Themes Of To Kill A Mockingbird

Essay by PaperNerd ContributorHigh School, 10th grade October 2001

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Themes of To Kill a Mockingbird Harper Lee's To Kill a Mockingbird brings out the themes of human emotion and vices. The book exposes many issues that affect most people throughout their lives. Man's inhumanity towards man, prejudice, and courage are three main themes vividly portrayed in this book. Prejudice reared it's ugly head many times and in many forms. Racial prejudice is perhaps the most evident in this story. To cite an instance, when the prosecutor was cross-examined Tom Robinson during the trial, the prosecutor used cruel terminology such as "boy" and made the witness feel afraid and inferior. Moreover, when the jury found Tom Robinson guilty, knowing that he did not commit the purported crime, but was convicted simply due to the color of his skin, showed the amount of prejudice held by society. Another example of racial prejudice is when Aunt Alexandra's missionary circle. The talk about black people using inappropriate terminology such as "darky."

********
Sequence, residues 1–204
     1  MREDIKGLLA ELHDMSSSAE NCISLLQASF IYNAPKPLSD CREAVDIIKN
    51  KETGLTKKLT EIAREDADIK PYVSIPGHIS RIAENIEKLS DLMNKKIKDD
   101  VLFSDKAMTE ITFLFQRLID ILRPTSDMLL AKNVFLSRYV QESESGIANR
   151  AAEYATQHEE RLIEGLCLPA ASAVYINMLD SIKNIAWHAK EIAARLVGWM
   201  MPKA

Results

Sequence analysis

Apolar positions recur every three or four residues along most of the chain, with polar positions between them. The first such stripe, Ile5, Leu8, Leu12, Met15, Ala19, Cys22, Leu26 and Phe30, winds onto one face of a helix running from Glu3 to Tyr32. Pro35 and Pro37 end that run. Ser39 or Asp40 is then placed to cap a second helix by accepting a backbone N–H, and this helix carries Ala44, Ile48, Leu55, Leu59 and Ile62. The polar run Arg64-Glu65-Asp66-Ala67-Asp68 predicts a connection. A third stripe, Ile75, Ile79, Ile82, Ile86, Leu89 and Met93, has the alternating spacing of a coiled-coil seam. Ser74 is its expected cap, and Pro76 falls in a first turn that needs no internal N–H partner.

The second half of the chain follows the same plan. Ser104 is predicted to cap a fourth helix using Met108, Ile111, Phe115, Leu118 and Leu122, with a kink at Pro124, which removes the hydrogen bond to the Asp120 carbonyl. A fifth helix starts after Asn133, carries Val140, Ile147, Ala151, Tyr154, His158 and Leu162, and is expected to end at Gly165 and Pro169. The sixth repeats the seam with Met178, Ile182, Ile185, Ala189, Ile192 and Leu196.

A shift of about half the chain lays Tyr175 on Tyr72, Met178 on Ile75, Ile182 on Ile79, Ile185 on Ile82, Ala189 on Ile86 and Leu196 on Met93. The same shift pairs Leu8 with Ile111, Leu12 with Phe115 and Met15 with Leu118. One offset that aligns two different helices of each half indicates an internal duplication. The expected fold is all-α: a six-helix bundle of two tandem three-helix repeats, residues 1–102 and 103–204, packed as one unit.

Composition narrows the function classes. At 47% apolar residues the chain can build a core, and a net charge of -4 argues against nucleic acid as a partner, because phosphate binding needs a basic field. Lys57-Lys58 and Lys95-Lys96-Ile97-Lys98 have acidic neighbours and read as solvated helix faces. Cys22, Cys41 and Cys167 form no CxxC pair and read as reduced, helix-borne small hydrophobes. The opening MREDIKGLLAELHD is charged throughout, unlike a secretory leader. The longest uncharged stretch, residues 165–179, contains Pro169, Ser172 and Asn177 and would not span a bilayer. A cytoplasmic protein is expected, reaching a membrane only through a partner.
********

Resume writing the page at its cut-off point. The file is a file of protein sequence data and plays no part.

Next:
Social prejudice, also found in this story, provides a better understanding of social convictions. The social prejudice is shown wonderfully through a "social ladder." The position on the ladder that a person might be at depends on skin color, family history, and social standing. If a person was black he would be at the bottom of the ladder even if his family had been on the same plot of land for many years, which in this book showed class. If a person were white he would automatically be above the black people due to the prejudices of this time in history. To illustrate, if a white person has a steady job, the ability to provide a good education and moral foundation for his children, and has respect from the community, then that person and his family would be at the top of...

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